In the Byzantine Rite the whole sanctuary behind the ikonostasis can be called the “altar” and is considered an extension of it, and the altar itself is also called “holy table” and “throne”, and its meaning cannot be understood without reference to the Old Testament. The word “sacrifice” in Hebrew comes from a verb that means “to approach”. Sacrifice was a combined offering by human beings and acceptance by God. It was the context in which God’s Presence among men was accomplished and continued. This was never more so than in the Holy of Holies in the Jerusalem temple where the high priest went in every year on the Day of Atonement to offer sacrifice by pouring blood on the tip of temple mount that came up through the floor. God’s Presence that was manifested in the acceptance by God of the sacrifice of Atonement once a year was a very special Presence indeed. God’s acceptance of the Atonement sacrifice implied a permanent Presence, even though the sacrifice took place only once a year; and it was a Presence among the people that gave substance to the Covenant between God and the Jews. He was present because he was their God and they were his People; and the Holy of Holies was where the two met. The Holy of Holies was the holiest place in the world, where sacrifice was transformed into Presence. God was enthroned in the empty space over the Ark of the Covenant in the first temple, and above the bare top of the temple mount after the temple’s re-building. The Romans discovered to their surprise that the Holy of Holies was totally empty, but the Jews knew that this emptiness was full of God because of the sacrifice that was celebrated there once a year. The rock was also the exact spot, according to Jewish belief, where Abraham attempted to sacrifice Isaac and where he offered the sacrifice “which the Lord had provided” (). Covenanted Presence and sacrifice were linked together in temple theology.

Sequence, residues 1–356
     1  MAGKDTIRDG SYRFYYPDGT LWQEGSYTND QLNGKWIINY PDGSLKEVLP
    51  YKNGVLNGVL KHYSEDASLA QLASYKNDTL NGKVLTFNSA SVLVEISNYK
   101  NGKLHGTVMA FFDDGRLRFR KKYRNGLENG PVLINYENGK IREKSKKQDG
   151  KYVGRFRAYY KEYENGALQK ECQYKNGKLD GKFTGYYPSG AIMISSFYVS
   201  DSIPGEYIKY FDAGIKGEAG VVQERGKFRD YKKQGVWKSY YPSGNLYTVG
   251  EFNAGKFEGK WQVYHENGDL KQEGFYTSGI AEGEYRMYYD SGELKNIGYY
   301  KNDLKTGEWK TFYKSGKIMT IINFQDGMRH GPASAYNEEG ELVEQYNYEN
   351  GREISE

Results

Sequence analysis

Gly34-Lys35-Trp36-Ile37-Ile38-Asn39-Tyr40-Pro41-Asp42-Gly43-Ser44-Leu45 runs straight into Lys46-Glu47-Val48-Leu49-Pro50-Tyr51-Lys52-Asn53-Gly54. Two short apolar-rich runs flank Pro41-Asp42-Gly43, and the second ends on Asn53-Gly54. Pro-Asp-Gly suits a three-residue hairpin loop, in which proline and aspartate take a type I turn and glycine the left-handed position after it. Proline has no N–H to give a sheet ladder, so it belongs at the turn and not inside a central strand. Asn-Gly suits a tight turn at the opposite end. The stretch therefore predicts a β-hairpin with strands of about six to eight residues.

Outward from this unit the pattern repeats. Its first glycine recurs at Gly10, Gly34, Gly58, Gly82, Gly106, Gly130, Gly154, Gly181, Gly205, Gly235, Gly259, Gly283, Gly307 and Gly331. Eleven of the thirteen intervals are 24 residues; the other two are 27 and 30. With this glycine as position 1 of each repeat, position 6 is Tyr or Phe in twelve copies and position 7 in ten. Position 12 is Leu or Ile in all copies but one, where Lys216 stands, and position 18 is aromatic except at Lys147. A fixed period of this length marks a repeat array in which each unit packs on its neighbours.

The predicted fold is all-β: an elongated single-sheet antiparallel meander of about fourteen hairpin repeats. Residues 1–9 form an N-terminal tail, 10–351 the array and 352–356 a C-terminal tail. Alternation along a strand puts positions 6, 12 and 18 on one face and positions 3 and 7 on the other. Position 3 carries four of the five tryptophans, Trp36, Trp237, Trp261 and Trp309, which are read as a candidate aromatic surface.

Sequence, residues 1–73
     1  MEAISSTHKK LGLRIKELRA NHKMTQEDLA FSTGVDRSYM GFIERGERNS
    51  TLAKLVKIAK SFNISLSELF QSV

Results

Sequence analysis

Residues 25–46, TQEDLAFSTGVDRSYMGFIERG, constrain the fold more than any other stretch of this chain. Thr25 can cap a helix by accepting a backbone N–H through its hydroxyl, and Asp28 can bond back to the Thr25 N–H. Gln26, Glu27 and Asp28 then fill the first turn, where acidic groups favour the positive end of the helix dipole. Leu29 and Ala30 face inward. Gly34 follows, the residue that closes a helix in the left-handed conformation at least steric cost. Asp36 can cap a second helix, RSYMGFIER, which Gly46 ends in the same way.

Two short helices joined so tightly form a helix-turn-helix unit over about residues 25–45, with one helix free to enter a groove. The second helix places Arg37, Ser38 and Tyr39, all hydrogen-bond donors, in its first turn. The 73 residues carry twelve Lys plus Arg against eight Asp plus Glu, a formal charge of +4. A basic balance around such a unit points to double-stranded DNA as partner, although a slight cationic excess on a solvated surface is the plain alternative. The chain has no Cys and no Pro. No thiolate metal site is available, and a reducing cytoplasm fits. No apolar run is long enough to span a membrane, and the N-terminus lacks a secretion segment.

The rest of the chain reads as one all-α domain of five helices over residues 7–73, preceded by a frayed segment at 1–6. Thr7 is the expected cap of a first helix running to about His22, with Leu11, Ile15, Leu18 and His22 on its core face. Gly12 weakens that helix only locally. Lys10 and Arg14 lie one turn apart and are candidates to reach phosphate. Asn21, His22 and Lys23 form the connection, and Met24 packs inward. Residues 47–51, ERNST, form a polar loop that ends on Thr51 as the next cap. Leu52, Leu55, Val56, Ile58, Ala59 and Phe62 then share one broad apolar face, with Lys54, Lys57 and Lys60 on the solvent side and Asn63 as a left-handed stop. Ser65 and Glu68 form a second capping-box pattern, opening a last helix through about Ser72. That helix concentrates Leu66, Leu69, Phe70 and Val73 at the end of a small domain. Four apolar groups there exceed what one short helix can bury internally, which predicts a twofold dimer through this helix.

There are obvious parallels between the Holy of Holies and the Christian altar. In the Byzantine Liturgy, the biblical roots of our understanding of the altar are very clear. It is the altar of sacrifice, representing Calvary; it is the Throne or Mercy Seat upon which the blood of Christ is sprinkled for our Atonement and from which God, in his Mercy, showers his grace on humankind, and this is the reason why the deacon calls on the people to ask God’s mercy so often during the celebration of the Byzantine Rite. The altar is Christ's tomb because from it comes the risen Christ to save us; it is the holy table of the Messianic feast, the marriage feast of the Lamb; and it represents the altar in heaven. It is the place where heaven and earth are joined, and where the Parousia or Second Coming is anticipated. As God’s throne or mercy-seat, it is not orientated in any direction. On the contrary, everything and everybody are orientated towards it. In a word, it is the “liturgical East” which priest and people face when they celebrate the Eucharist!!

Let us think, for a moment, about the great altar of the Jerusalem temple, just outside the Holy of Holies. This too can help us understand the role of the Christian altar. The altar that was placed before the inner sanctuary did not look like the altars we are used to. It was very high, and the priests reached the top by climbing a ramp; and it normally had a fire burning on top of it which would consume the offerings. The Fathers of the Church, especially St John Chrysostom, were not slow in identifying the Holy Spirit as the Fire that comes down on the altar to consume and transform the bread and wine into the body and blood of Christ. St John Chrysostom draws a parallel between what happened when Elijah invoked the Lord who sent down fire from heaven to consume the animal sacrifices on the mountain, and the priest who invokes the Lord who sends the Spirit on the bread and wine, as all heaven keeps reverent silence. St Symeon the New Theologian and St Seraphim of Zarov both saw the uncreated light of God descend on the gifts during the Eucharistic Prayer, The Father sends his Spirit who transforms the gifts and also ourselves to the degree that we allow him, and sustains by his divine activity the existence of the gifts as sacraments.